Anthony P. Burrascano, O.S.A.
Is 22: 19-23
Ps 138: 1-2,2-3,6,8
Rom 11: 33-36
Mt 16: 13-20
Jesus was a teacher who taught many types of people in many different ways. Today he teaches by asking questions. He is with his disciples and asks them the question, “Who do people say the Son of Man is?” They are quick to respond that different people say different things; some say it is John the Baptist, some Elijah or one of the prophets. There is no one definitive answer.
This is not the end of Jesus’ questions. He now says to the disciples, “But who do you say I am?” This may sound like a strange question. Doesn’t Jesus know who he is? Jesus is really not having an identity crisis. He wants to see how the disciples have come to understand his message and mission.
These disciples have walked with Jesus, they have heard his teaching, they have seen his miracles, they have lived with him and come to know him. But do they truly “know” him. Jesus is challenging the disciples to reflect on all that they have seen of him, and now declare their understanding of him.
Peter is asked this question and probably stops and reflects for a moment and then he says “You are the Christ, the Son of the Living God.” This comes from the depth of Peter. He has had that little light go on in his head, and he has come to understand and believe who Jesus Christ is. He has spent all that time with Jesus and now is beginning, and maybe just beginning, to understand all that has occurred, and is coming to understand and believe in Jesus. Peter declares his belief in Jesus. Jesus is pleased with his response and tells Peter that he is blessed, and for that he shall be entrusted with greater things to come to the Church. Peter answered the question well.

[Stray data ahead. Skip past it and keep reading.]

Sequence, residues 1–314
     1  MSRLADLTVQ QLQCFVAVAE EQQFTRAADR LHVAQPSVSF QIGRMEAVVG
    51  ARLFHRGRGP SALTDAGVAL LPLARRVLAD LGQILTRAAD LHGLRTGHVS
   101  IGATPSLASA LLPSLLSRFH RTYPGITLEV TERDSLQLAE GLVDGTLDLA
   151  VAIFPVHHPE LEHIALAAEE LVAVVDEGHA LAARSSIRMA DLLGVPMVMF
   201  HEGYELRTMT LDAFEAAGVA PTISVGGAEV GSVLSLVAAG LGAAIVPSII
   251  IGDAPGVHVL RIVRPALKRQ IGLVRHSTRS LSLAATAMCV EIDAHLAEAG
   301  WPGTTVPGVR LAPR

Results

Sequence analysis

That same question asked of the disciples is asked of every Christian: “But who do you say I am”? Of course, like Peter we would say, “You are the Christ, the Son of the Living God.” We know who Jesus is. We learned about him, we were taught in school or Religious Education or by our families. Of course we “know” Jesus is God, the Son of God, the Savior of the world.
It is not enough to parrot, repeat what we have been taught or learned in growing up. We must come to our own belief and understanding of Christ in our life. When we proclaim, “You are the Christ, the Son of the Living God,” like Peter this response must come from our depth, our hearts, the core of our being.
But even that is not enough. Words are not enough. We reflect how we see Jesus not just in our words, but by our actions, how we live our life, how treat others, self, God and our world. Our belief in Jesus is reflected in how we live our lives.
“But who do you say I am?” A question Jesus asks us constantly. We cannot answer just in words. Who we see Jesus as being in our lives is reflected in how we live that gift of life in service to others.